This is where all the new Newcastle United fans have come from
Newcastle United fans have been getting used to a very different football club.
Exactly nine months before Boris Johnson very belatedly accepted he has to now hand over the keys to number ten…
Mike Ashley even more belatedly (14+ years too late…) did the same at St James Park on 7 October 2021.
The challenge has now changed from how to get rid of Mike Ashley? To, how to get a ticket?
Last season saw home games selling out ever faster, as Newcastle United fans competed online and found themselves in a cyber queue for anything up to two hours or more.
Last month saw 40,000 or more Newcastle United fans scrambling for the 1,000 2022/23 season tickets that were put on sale.
Even when the two St James’ Park pre-season friendlies went on sale this week at prices that were double what Mike Ashley charged for them, Newcastle United fans yet again found themselves in online and physical queues (box office selling to fans in person and over the phone, as well as online for the friendlies), with both the Atalanta and Athletic Bilbao games well on their way to selling out.
As things get progressively more competitive, I have seen plenty of people raising the question of where have all these ‘new’ Newcastle United fans come from?
As with so many things, to understand where we are now, you have to go back in time…
In terms of overall record, the best ever average second tier crowds in history, went through the turnstiles in 1947/48. It was Newcastle United who set the all-time second tier record. In that post-war era Newcastle averaged an astonishing 56,299 when promoted in second place, some one million one hundred and eighty two thousand fans flocking to St James Park to watch the 21 home games.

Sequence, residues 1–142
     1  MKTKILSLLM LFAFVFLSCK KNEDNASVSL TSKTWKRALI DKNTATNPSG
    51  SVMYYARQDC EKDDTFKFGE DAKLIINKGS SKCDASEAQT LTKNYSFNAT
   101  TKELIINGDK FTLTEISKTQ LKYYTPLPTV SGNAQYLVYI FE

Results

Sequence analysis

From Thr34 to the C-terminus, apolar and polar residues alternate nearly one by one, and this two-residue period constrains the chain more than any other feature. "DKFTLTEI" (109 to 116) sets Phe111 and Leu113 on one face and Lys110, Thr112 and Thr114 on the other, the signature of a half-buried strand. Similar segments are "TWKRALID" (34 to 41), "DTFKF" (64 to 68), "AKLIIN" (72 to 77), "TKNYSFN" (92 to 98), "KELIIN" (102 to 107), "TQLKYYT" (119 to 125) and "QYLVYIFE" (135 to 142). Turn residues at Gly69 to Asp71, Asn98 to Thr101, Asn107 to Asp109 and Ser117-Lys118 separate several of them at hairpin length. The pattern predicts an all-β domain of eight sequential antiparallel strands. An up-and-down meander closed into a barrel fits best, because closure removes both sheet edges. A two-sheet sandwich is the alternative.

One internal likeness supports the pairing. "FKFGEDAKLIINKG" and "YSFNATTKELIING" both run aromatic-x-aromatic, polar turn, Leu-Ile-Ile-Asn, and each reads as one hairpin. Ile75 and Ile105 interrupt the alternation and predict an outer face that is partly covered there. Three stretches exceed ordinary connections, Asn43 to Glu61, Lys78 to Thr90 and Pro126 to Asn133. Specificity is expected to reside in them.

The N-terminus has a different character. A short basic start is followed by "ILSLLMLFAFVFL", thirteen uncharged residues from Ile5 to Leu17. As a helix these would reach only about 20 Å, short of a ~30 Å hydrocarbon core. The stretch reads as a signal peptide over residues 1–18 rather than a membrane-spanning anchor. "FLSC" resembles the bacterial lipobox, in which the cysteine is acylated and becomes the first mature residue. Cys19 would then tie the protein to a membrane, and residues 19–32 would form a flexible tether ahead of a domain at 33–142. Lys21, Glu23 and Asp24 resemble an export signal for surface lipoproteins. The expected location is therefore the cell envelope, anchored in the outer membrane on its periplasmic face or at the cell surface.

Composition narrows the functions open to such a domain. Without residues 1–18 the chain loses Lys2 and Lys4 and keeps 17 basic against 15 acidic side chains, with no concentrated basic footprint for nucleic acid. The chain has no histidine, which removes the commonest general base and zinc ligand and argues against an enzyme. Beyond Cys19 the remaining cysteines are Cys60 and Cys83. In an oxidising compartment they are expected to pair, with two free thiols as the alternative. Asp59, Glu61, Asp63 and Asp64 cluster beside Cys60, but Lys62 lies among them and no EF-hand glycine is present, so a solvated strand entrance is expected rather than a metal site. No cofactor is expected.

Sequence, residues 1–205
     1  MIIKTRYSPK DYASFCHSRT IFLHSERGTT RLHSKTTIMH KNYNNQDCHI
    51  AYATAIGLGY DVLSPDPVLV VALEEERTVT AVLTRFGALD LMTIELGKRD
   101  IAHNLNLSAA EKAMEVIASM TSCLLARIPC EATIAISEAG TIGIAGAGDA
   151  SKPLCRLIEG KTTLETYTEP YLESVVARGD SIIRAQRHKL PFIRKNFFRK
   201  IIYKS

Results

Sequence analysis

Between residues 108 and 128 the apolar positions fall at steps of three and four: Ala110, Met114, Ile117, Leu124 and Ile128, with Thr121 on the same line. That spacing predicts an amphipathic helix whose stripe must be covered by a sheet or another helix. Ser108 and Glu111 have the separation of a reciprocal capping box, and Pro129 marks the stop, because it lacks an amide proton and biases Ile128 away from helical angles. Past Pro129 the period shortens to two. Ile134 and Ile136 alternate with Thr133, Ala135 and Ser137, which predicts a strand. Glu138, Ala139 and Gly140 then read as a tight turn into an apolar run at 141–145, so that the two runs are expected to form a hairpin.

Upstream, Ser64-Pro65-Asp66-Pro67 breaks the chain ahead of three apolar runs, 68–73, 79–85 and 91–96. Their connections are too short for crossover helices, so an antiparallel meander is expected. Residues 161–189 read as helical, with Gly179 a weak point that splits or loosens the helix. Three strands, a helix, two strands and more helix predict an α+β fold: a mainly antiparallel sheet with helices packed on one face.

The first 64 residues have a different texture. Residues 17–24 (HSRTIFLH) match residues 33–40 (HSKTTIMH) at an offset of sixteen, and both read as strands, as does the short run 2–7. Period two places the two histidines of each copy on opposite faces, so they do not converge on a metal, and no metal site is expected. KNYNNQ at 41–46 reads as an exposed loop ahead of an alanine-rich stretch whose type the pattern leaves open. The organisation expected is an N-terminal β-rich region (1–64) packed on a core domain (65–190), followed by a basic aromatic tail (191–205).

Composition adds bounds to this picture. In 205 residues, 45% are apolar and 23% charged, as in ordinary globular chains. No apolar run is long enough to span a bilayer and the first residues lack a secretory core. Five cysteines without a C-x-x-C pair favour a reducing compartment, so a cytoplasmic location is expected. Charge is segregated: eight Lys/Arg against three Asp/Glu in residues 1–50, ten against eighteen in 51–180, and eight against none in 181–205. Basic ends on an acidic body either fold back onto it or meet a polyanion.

Twenty seven years later and it might surprise some younger fans to learn that Manchester United had a one-off season in the second tier as recently as 1974/75.
They came straight back up as champions and had an impressive 47,781 average home attendance, with altogether some 1,003,401 paying fans going into Old Trafford that league season for the 21 home matches.
A modern day record that surely would never be beaten…
Moving forward another 40+ years and in the 2016/17 Championship season, it was NUFC who would end the season with an average crowd of 51,108. A total of 1,175,844 fans having paid to watched 23 league games at St James Park.
That Rafa Benitez promotion season, saw Newcastle United have more paying fans watch them at league home games than any club in the Premier League, apart from Man Utd. The extra four home games, compared to in the Premier League, meant the total number watching Newcastle United that season in the second tier, was greater than the likes of Arsenal and others.
So, going back to the original question, where now have all these ‘new’ Newcastle United fans come from?
The answer of course is that they are all around us. Always have been, always will be, even after those 14+ years of Mike Ashley. With only the slightest encouragement, so many of those who ended up so sickened, each with their own breaking point where Ashley was concerned, they never stopped loving / supporting Newcastle United.